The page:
Gardeners 'banned' from using weedkiller in garden throughout May

Weedkiller bottle
-Credit:(Image: Alex Evans)

Gardeners are being urged to refrain from using weedkillers over the next two months following a stark warning from an expert. The sight of weeds sprouting between paving slabs or invading lawns can be distressing, especially when one has invested time and effort into maintaining their garden.

It's tempting to reach for a quick solution, with numerous products promising to eradicate weeds readily available at garden centres and online. However, many may not be aware that chemical weedkillers have been associated with harm to bees and other crucial pollinators such as wasps, flies, and butterflies, reports The Express.

This is concerning given the vital role these creatures play in our food chain, and with UK insect numbers reportedly down by 60 percent in the past two decades alone, the impact could be significant. If insect populations are decimated, food production could be affected due to the lack of pollinators.

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Pesticide Action Network Europe has highlighted several ways in which glyphosate weedkillers could potentially harm bees, including disrupting their gut microbiome, making them more susceptible to disease, disturbing their larvae cycle, damaging their nervous systems, and being directly toxic if ingested. And it's not just bees; all key pollinators like flies, wasps, and butterflies can also be affected in the same way.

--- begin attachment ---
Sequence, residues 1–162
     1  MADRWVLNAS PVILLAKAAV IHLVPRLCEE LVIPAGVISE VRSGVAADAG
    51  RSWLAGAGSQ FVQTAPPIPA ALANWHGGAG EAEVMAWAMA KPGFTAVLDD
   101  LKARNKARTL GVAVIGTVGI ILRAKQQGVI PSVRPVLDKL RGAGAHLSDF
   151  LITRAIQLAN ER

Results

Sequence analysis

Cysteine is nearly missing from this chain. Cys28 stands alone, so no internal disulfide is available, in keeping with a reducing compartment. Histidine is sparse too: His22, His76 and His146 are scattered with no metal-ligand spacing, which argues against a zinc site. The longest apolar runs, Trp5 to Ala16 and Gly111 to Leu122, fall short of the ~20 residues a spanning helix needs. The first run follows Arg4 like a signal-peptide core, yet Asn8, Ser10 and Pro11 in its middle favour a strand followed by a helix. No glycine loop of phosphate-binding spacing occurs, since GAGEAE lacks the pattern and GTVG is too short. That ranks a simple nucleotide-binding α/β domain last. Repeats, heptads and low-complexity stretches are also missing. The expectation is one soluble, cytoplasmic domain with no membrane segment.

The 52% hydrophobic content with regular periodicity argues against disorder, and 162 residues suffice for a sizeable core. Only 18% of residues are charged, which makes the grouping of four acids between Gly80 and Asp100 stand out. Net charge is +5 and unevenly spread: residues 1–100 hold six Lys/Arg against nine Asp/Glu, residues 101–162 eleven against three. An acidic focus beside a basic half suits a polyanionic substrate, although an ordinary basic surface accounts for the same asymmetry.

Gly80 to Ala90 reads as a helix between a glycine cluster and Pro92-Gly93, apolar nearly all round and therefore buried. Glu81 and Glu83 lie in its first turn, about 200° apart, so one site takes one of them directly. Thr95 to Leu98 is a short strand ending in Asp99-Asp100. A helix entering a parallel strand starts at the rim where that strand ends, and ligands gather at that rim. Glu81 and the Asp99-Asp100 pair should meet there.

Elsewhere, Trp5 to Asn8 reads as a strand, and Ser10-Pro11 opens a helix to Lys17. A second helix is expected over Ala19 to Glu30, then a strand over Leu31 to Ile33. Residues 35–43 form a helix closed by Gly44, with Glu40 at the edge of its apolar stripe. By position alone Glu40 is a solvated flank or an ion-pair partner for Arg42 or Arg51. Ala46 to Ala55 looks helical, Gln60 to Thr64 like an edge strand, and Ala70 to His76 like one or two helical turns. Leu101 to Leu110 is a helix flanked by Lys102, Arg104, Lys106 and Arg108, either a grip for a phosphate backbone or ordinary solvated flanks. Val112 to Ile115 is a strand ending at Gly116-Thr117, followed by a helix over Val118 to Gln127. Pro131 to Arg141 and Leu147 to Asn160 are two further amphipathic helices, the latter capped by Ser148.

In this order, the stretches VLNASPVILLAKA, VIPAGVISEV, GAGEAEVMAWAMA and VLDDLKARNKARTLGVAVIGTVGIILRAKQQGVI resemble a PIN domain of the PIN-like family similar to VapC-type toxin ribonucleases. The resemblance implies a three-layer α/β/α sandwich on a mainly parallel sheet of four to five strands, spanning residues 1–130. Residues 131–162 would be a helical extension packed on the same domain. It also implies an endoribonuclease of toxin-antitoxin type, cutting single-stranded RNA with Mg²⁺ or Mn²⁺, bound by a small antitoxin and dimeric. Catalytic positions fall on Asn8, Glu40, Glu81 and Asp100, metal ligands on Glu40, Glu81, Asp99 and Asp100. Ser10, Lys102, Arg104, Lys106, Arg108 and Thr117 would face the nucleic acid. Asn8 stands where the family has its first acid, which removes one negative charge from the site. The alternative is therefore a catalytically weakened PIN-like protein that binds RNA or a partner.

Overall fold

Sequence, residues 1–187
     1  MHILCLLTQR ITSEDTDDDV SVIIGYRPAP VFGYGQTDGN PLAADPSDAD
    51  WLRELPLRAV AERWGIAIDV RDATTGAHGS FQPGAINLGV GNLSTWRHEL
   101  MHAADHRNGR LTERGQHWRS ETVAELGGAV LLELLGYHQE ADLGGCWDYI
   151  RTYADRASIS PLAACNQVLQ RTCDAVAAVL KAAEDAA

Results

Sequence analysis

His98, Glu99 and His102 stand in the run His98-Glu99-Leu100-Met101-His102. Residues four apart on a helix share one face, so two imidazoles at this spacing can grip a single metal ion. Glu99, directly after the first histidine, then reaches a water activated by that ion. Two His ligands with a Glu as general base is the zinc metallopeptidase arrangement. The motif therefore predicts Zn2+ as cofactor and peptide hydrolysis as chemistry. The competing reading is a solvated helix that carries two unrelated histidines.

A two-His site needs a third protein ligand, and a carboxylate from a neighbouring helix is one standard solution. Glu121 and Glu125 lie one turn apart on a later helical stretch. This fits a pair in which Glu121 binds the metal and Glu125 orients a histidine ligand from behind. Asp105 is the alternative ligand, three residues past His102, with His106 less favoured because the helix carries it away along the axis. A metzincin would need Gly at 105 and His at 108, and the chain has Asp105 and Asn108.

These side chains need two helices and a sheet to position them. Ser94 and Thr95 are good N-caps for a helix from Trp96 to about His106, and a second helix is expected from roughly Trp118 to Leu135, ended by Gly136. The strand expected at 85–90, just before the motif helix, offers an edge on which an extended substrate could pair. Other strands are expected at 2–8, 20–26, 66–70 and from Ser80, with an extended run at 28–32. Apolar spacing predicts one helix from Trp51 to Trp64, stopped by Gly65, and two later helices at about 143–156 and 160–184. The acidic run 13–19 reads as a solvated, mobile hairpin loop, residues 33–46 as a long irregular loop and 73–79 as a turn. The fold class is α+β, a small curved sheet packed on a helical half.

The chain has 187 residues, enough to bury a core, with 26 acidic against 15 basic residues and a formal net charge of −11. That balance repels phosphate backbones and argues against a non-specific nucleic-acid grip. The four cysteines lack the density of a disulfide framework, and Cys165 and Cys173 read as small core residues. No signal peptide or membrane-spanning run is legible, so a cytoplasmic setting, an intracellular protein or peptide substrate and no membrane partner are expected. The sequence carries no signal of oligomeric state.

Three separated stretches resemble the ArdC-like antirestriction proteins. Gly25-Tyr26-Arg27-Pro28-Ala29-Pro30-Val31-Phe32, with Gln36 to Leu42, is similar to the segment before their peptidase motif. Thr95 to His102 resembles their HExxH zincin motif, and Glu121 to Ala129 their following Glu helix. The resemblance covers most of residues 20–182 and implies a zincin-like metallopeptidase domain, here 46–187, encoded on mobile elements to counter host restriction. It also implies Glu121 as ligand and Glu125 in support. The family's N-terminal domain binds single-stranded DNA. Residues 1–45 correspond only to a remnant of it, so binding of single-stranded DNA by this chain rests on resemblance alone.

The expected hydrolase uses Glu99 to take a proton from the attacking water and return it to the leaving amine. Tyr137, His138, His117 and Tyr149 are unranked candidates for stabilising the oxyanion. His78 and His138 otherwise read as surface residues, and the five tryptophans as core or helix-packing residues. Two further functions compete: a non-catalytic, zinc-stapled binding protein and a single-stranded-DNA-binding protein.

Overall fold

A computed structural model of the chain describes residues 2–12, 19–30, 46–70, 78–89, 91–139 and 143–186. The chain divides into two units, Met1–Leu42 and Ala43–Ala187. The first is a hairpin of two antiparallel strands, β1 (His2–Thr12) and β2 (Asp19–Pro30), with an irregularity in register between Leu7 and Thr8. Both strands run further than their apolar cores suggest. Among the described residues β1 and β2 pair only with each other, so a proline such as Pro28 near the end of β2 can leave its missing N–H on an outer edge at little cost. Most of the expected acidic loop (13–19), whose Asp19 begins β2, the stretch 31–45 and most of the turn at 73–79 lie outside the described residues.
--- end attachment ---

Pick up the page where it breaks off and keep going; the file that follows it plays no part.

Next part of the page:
The research determined that glyphosate weedkillers had resulted in fatalities for as many as 94% of bees they were exposed to. Following this, many manufacturers now propose non-glyphosate alternatives which are believed to be safer for flying insects, although reservations persist among a section of gardeners regarding the use of any chemicals.

Such perspective is also aid by the Royal Horticultural Society, which specifies that weedkillers should only be employed as a final measure.

It states: "The RHS believes that avoiding pests, diseases and weeds by good practice in cultivation methods, cultivar selection, garden hygiene and encouraging or introducing natural enemies, should be the first line of control. If chemical controls are used, they should be used only in a minimal and highly targeted manner."